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A possible cause of the end-Permian mass extinction: Lemon juice?

November 25, 2013 11:05 am | by Jennifer Chu, MIT News Office | News | Comments

Rain as acidic as undiluted lemon juice may have played a part in killing off plants and organisms around the world during the most severe mass extinction in Earth’s history. About 252 million years ago, the end of the Permian period brought about a worldwide collapse known as the Great Dying, during which a vast majority of species went extinct. The cause of such a massive extinction is a matter of scientific debate.

Even if emissions stop, carbon dioxide could warm Earth for centuries

November 25, 2013 8:29 am | by Morgan Kelly, Princeton Univ. | News | Comments

According to recent Princeton Univ.-led research that simulated an emissions-free Earth, the carbon dioxide already in the atmosphere could continue to warm our planet for hundreds of years, even if emission came to a sudden halt. The study suggests that it might take a lot less carbon than previously thought to reach the global temperature scientists deem unsafe.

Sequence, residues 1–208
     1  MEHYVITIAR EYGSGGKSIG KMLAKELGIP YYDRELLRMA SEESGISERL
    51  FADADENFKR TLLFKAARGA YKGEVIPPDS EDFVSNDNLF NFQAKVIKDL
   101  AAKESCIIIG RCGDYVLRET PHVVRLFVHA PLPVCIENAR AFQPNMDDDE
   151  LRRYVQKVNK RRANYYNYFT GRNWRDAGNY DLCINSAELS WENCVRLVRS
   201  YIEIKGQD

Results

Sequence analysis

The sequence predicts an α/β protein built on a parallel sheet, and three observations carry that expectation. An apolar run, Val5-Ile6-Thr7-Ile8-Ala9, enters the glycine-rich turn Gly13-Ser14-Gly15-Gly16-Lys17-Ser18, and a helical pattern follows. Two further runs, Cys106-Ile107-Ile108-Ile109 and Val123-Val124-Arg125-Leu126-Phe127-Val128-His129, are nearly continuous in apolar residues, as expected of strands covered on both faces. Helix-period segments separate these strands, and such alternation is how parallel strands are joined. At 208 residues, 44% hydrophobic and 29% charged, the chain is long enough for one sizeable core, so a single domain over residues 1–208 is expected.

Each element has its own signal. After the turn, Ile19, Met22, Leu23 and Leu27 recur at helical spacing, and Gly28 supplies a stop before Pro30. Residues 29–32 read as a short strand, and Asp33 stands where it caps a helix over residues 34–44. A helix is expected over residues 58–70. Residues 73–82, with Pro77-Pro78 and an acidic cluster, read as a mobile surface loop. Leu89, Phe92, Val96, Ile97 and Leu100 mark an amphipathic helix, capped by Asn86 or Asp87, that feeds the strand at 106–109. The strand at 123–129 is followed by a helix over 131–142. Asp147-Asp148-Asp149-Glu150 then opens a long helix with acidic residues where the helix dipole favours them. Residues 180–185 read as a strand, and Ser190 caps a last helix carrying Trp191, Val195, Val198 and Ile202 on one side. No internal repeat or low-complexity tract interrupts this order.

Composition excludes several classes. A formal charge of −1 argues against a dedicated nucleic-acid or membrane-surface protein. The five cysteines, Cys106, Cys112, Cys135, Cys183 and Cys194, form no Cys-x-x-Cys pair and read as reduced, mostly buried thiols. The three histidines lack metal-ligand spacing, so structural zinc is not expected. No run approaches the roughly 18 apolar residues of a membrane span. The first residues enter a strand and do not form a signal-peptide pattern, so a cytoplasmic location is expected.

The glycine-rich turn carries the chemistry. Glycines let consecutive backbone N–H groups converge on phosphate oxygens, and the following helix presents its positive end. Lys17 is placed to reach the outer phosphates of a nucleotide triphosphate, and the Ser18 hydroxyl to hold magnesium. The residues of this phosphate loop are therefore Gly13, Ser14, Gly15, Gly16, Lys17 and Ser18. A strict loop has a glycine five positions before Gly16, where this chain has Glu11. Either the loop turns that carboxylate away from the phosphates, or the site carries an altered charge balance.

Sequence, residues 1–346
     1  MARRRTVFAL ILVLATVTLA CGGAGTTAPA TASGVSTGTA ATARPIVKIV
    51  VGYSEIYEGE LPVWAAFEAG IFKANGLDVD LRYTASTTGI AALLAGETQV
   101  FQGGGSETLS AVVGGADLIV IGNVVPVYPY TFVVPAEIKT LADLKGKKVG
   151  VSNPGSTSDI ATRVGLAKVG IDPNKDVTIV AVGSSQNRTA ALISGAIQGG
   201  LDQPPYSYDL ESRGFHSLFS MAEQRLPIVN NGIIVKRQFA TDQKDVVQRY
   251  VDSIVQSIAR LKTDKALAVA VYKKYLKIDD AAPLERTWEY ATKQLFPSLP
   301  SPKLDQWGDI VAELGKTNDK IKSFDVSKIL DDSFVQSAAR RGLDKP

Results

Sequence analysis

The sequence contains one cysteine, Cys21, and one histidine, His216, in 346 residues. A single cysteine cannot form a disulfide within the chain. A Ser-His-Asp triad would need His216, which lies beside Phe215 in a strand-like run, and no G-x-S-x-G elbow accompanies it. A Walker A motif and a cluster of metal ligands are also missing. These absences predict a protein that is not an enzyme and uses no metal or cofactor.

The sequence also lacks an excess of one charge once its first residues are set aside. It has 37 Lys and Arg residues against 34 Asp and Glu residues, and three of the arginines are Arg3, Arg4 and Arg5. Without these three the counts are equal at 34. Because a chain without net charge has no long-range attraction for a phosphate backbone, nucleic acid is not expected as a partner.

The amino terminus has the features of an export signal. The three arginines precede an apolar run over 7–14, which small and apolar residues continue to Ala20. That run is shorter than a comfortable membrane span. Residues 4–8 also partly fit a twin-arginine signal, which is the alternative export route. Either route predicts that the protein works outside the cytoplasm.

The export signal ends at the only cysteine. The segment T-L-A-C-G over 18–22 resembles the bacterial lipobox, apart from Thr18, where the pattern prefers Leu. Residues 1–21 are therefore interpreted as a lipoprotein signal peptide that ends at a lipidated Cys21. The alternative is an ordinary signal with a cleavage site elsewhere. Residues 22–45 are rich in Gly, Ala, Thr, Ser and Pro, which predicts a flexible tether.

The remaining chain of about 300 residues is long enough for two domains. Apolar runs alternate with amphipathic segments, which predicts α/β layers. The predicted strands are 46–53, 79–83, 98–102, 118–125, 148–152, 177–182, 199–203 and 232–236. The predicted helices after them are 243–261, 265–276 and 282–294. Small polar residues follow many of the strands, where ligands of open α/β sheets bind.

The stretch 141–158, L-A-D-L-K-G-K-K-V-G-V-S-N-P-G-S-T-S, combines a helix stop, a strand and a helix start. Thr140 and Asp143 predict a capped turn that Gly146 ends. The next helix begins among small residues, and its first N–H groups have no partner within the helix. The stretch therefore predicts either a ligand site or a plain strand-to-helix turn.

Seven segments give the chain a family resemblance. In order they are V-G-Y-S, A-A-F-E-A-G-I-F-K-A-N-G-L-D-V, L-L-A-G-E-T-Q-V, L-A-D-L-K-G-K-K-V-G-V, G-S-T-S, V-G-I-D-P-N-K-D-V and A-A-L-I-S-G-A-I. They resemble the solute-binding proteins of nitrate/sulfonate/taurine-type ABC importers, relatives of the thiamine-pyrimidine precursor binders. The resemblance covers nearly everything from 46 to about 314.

Pre-industrial rise in methane gas had natural and anthropogenic causes

November 22, 2013 9:15 am | News | Comments

For years scientists have intensely argued over whether increases of potent methane gas concentrations in the atmosphere, from about 5,000 years ago to the start of the industrial revolution, were triggered by natural causes or human activities. A new study suggests the increase in methane likely was caused by both.

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Colorado's proposed emissions rules get a hearing

November 21, 2013 6:58 pm | by KRISTEN WYATT - Associated Press - Associated Press | News | Comments

Colorado's proposal to curb air pollutants from oil and gas operations got praise from industry representatives and environmental activists Thursday at its first hearing. But both sides warned the Colorado Air Quality Control Commission that there will still be haggling over the particulars of three rule changes introduced this week.

Turmoil at climate talks as blame game heats up

November 20, 2013 8:15 pm | by Karl Ritter, Associated Press | News | Comments

With two days left at the U.N. climate talks in Warsaw, there was commotion Wednesday after negotiators for developing nations said they walked out of a late-night meeting on compensation for the impact of global warming. Rich and poor nations are struggling with a yawning rift as developing countries look for new ways to make developed countries accept responsibility for global warming and pay for it.